Sri Sathya Sai On: Jainism and Vardhaman Mahavira (A Photo Feature)

Vardhaman Mahavira (BC 599-527)
Jain mode of worship (Jainopasana) - The Marwari (money lenders) community, in worshipping the Lord, adopt a Vaishnavite slant. Idols of Vishnu, with the traditional equipment of the conch, the wheel, the mace and the lotus, are found in Jain temples. The Jains have as their Mantra:
“Namo Arihantanam
Namo Siddhanam
Namo Ayiriyanam
Namo Uvajjhayanam
Namo Loye Savva Sahunam”
(Salutations to the great heroes (Mahavira) who have conquered desire, etc. Salutations to the Siddhas (those equipped with super natural powers). Salutations to the great Masters of Spiritual Wisdom. Salutations to the great Teachers who transmit the wisdom. Salutations to the good persons of all lands).

This five-fold adoration helps remove the evil effects of all sinful acts. Experiencing the meaning of this Mantra gives one the sum of prosperity. The Jains declare that when one merges in this universal adoration, one is liberated and attains Moksha.
- “Modes of Worship”, 
Sathya Sai Vahini

Vardhaman Mahavira in deep meditation
(BC 569-557)
Jainism, the religion that was rendered an all-India movement by Mahavira, extols Jina (the heroic conqueror of the senses), the emotions and the stratagems of the intellect. He called upon all to carry out the duties commensurate to their status and professions, with steady faith and enthusiasm. He declared that all things and beings are holy in their own right and are but pilgrims on the road to Realisation. Any injury inflicted on any of them is an intervention in that sacred journey and so has to be scrupulously avoided.
- “The Sai Religion”, Sathya Sai Speaks, Volume 13, October 1, 1976, Prasanthi Nilayam

Vardhaman Mahavira addressing a congregation after Self-Realisation (BC 557)
In Jainism also, the same truth (Swami referring to recognition of the One Divine in all beings) was taught by Mahavira. When the senses are allowed to have their way, all kinds of reactions occur. It is only when the senses are brought under unified control that the nature of Divinity can be comprehended. The eyes have the power of sight. The ears can hear. 

The powers of all the sense organs; seeing, hearing, speaking, etc. are derived from the Divine. It is the Divine that enables the eyes to see, the ears to hear, the mind to think and to have various experiences. It is when all these sensory processes are brought under unified control (by the conquest of the senses) that man becomes a conqueror a ‘Jina’, as termed by the Jains. Because He had conquered his senses, the title of victor was conferred on Mahavira.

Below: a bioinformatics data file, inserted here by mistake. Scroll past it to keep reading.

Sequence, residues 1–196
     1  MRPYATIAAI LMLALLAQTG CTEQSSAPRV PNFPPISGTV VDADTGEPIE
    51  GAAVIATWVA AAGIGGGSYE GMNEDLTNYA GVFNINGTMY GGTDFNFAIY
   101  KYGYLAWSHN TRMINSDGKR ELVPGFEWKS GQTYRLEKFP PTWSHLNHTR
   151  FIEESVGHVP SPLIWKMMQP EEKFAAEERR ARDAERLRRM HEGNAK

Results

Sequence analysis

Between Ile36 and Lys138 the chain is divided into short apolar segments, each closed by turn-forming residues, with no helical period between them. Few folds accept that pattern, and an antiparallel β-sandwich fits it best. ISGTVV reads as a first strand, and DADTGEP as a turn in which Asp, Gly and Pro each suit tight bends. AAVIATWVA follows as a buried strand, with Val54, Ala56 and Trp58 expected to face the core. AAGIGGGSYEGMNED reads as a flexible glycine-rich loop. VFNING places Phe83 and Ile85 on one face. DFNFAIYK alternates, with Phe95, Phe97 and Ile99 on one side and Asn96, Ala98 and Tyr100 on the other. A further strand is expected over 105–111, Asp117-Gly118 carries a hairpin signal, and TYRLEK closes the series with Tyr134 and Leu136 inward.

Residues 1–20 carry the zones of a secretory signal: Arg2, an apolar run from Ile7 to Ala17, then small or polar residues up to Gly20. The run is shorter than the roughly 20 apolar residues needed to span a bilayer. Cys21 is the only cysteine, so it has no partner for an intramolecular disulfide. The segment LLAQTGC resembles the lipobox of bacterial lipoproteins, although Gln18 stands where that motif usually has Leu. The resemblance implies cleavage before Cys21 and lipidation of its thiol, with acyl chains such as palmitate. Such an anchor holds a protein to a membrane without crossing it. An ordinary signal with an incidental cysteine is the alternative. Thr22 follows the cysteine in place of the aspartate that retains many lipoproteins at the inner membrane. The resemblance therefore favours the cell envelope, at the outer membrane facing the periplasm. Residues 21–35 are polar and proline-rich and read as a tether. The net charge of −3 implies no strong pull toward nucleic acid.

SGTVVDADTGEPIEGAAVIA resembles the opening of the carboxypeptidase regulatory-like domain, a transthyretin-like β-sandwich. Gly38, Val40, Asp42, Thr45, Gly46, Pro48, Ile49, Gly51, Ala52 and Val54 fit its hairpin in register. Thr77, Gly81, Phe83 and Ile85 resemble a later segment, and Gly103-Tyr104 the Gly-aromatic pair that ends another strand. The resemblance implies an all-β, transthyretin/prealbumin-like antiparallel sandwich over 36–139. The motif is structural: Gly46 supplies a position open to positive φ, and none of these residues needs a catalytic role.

- “Develop Spiritual Oneness”, Sathya Sai Speaks, Volume 24, December 25, 1991, Prasanthi Nilayam

About Vardhaman Mahavira:

Mahavira, known as Vardhaman, was born in 599 B.C. in Vaishali, Bihar to King Siddhartha and Queen Trishala. He is the twenty-fourth and last Tirthankara of Jainism. 
Little Vardhamana worshipped by celestial beings on birth
At the age of 30, he renounced worldly life and became a monk in the Jain tradition. After 12 years of severe penance, he attained Self-realisation (Keval Jnana), and spent the next 30 years preaching the message of non-violence and universal forgiveness. 
Mahavira establishing the fourfold Jain Sangha (BC 557)
To ensure continued propagation and practice of the Jain religion, he established the fourfold Jain Sangha consisting of householders – men and women, and the renunciants – men and women. 
Mahavira's last sermon at Pawapuri (BC 527)
At the age of 72, Mahavira attained liberation (Nirvana) in 527 B.C. at Pawapuri, Bihar.

Source: Sai Vani: Avatar on Mahapurushas

1 comment:

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